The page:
The Streets of Southwark

 

The Streets of Southwark

 

Early Medieval Southwark: The Danes and King Canut

 

Imagine eleventh century England, and imagine for a moment a fleet of Danish longships making a slow progress along Keyworth Street. They would not be under sail or manned by oarsmen. Instead they would be pulled along a shallow waterway by men with ropes. It soulds like an extravigant early medieval fantasy, but there is a possibility that it actually happened. In the year 1016 Canut, son of Sweyn Forkbeard and Princess Gunhild, invaded Britain with the aim of becoming King. One of the cities he needed to capture was London, so he sailed up the Thames with his fleet of longships, perhaps 10,000 men in up to 200 of longships. The big problem was that the Britons had built a bridge at London Bridge, replacing the old Roman one, and this was so well defended that Canut's fleet of ships could not pass.

 

According to the Anglo Saxon Chronicle, first written in the late ninth century but updated up until the twelfth century, Canut solved this problem by constructing a canal across south London from Rotherhithe to Lambeth, a distance of about four miles. Canut's canal, or Canut's Trench as it has been called, would let his ships make their way across the marshes of south London to rejoin the Thames at Lambeth. This would enable him to encircle London and cut off communications from the west. He could then lay siege to London and eventually capture it. This he suceeded in doing. The line of his canal would take him right through the middle of St George’s Fields and perhaps even through the LSBU campus.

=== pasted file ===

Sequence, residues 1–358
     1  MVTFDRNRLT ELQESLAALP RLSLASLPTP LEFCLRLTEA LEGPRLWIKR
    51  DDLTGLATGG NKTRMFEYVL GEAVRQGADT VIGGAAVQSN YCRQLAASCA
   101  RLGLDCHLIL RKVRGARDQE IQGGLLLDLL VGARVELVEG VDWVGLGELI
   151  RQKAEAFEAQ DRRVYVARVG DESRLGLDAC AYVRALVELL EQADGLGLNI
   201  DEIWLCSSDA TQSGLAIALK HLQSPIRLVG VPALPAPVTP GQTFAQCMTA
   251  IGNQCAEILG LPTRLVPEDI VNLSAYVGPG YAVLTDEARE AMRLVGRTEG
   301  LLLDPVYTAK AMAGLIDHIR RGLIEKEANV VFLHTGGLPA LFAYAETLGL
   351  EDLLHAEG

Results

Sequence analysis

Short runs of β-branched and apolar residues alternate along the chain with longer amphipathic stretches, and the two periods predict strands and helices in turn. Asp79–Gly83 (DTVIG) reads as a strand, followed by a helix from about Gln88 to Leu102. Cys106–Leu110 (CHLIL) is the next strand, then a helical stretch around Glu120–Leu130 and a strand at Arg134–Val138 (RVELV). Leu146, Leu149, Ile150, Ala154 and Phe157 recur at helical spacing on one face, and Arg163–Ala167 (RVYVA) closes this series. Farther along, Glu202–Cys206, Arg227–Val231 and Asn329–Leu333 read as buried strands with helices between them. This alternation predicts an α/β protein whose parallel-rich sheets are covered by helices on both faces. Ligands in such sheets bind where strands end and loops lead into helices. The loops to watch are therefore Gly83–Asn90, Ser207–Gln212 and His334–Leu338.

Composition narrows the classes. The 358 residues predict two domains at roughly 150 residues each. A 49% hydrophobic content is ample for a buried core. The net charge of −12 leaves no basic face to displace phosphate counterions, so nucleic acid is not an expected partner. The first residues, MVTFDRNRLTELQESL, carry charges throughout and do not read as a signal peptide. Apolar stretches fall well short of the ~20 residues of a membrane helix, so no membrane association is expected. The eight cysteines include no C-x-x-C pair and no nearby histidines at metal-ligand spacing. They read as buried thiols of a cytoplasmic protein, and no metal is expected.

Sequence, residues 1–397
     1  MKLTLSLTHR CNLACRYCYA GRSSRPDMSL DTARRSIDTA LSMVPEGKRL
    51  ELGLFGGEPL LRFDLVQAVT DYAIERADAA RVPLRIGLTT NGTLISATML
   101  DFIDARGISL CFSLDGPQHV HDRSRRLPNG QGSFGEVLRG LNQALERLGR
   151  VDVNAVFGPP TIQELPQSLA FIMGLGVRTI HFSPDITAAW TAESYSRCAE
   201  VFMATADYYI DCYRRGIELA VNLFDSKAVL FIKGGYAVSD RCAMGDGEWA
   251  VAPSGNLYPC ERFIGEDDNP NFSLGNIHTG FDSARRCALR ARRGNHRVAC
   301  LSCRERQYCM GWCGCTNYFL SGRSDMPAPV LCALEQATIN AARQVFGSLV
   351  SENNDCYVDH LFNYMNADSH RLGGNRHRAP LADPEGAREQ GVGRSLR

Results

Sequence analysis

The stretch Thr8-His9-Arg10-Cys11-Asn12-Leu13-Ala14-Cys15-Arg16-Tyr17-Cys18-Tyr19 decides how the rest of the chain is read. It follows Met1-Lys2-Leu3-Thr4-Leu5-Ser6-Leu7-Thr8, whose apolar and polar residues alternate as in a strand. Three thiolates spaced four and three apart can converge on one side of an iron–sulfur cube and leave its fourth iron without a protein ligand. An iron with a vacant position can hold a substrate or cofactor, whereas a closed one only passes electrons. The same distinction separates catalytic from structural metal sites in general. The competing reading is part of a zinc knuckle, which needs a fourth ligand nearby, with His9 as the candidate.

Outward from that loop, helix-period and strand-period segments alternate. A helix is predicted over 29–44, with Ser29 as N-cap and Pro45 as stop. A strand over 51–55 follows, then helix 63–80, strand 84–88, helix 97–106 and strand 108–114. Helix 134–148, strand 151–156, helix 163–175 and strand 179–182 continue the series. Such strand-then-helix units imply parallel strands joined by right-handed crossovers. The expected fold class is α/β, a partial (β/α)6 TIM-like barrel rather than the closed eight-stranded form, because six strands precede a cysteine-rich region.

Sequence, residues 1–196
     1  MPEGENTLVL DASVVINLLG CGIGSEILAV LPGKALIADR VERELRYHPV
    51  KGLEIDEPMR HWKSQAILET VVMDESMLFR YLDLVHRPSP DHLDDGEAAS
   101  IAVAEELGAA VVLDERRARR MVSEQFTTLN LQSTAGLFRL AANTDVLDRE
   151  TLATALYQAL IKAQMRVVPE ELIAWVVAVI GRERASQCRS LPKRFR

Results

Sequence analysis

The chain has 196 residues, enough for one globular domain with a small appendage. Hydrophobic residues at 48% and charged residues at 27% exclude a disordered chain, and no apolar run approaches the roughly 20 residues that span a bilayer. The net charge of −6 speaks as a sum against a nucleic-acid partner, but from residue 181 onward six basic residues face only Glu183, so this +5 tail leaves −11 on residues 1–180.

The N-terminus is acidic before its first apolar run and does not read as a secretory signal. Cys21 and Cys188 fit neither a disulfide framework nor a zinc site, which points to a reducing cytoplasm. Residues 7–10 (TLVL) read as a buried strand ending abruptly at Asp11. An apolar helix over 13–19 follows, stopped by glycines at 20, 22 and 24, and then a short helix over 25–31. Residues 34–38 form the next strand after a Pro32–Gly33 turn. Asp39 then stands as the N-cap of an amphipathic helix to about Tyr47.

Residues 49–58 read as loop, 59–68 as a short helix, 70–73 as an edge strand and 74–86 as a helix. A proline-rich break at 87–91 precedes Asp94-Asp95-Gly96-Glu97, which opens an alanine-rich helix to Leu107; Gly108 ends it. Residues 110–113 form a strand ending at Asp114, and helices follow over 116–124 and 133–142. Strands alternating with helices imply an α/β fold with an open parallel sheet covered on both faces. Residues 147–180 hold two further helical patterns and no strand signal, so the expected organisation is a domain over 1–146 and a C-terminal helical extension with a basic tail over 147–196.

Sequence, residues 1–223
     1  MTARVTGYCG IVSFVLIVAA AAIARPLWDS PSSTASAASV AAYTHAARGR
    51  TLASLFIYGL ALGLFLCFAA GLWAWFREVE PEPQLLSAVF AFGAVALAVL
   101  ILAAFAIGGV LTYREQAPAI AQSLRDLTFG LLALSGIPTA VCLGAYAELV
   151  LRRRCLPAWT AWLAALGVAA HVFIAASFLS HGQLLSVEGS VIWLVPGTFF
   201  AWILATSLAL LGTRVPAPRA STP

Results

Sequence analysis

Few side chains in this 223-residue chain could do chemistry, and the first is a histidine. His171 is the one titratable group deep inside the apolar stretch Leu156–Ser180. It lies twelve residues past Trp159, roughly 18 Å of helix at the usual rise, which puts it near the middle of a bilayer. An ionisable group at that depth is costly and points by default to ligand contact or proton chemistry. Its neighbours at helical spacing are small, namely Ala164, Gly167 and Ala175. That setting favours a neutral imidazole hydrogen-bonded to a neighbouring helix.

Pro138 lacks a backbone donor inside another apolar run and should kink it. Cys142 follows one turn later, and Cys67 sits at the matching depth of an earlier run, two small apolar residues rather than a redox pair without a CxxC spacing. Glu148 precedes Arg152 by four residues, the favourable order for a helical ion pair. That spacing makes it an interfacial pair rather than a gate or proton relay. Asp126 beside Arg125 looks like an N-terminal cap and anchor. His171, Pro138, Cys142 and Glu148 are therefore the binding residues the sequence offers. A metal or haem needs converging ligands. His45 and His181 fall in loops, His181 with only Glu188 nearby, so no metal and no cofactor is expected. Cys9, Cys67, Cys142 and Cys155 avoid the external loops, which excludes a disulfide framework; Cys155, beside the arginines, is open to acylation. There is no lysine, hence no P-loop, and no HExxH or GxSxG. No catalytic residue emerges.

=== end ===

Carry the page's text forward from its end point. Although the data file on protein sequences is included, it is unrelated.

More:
At first glance it seems improbable that such a canal could have been constructed, because the job looks just too big for the resources available to Canut, but in reality it was possible. This is because the whole of the area from Rotherhithe to Lambeth was marshland mostly underwater at high tide, but with a series of islands or eyots, that is, bits of gravel outcrops that formed dry land surrounded by water channels. At high tide many of these waterways would have been deep enough to take a shallow draft ship like a Danish longship, particularly if pulled along with ropes. Only those parts of higher and firmer ground would have had to have been cut through. For example, Canut would have approached St George's Fields from the east, coming along the line of the present Rockingtham Street, which to this day drops several feet below the level of the surrounding area and which was almost certainly under water in the past. He would then need to cut through the higher ground of Newington Causeway to gain entrance to Keyworth Street and the low marshes of Lambeth beyond. The exact course is a matter of speculation, but it almost certainly would have run east to west somewhere between Rockingham Street in the south and Union Street to the north.